In the Republic of Congo, the statutory forest regime giving the State absolute control of forest resources has not succeeded in achieving sustainable forest management, even less so in reducing poverty or improving livelihoods for IPLCs. The precarious nature of existing land tenure systems has left communities increasingly marginalised from traditional economic activities and from the decision-making process regarding the use of natural resources. They face the growing threat of dispossession. In the absence of a land tenure system establishing clear collective ownership rights, community forestry now appears to be the most efficient option to secure customary land tenure in Congo.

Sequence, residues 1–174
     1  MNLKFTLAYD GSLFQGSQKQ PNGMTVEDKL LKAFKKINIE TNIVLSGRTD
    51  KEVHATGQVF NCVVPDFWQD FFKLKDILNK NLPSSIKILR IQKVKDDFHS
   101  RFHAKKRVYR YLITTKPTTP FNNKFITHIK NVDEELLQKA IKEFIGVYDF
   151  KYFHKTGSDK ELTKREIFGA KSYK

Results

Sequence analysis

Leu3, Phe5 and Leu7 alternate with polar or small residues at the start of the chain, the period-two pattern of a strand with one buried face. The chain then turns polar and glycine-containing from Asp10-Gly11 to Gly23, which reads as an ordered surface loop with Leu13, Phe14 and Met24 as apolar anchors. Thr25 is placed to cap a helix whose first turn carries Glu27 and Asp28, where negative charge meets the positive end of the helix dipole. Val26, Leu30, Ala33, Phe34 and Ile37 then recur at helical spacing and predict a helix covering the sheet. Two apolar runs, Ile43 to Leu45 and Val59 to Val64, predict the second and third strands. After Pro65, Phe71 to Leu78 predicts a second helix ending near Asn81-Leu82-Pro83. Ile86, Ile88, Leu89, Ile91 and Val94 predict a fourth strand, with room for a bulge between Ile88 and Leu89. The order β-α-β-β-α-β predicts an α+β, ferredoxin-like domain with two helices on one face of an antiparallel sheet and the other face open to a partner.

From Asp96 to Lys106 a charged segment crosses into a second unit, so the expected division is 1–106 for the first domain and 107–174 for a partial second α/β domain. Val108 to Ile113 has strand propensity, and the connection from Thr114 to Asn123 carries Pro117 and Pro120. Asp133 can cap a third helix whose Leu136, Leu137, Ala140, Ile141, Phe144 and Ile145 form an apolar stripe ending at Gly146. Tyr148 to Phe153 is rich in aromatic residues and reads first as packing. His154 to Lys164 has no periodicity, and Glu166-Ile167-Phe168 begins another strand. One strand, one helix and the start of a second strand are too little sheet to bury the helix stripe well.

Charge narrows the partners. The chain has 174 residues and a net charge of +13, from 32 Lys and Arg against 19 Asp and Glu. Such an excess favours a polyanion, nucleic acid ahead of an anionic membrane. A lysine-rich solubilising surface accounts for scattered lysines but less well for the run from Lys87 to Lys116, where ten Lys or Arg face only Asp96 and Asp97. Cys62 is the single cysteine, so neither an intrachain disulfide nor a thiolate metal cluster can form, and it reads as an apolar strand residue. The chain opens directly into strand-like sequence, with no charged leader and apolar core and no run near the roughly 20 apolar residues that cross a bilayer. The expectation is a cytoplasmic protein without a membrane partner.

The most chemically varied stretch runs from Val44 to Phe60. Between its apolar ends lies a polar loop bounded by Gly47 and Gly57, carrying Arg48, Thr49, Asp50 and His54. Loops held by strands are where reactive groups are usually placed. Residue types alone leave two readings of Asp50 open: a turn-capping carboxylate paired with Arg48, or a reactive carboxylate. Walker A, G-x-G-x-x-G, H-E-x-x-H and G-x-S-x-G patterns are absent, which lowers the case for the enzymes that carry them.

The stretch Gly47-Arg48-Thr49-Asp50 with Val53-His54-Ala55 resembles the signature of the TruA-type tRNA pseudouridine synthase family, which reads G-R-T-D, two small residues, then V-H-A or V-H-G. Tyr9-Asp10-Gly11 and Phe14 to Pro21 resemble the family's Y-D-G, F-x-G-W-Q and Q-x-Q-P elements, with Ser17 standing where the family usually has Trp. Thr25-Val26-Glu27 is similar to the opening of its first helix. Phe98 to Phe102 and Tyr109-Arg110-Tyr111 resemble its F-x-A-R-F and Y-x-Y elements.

However, despite the opportunities that community forestry offers for IPLCs to secure customary land rights and improve their livelihoods, a number or constraints and challenges persist in relation to land tenure insecurity and overlapping.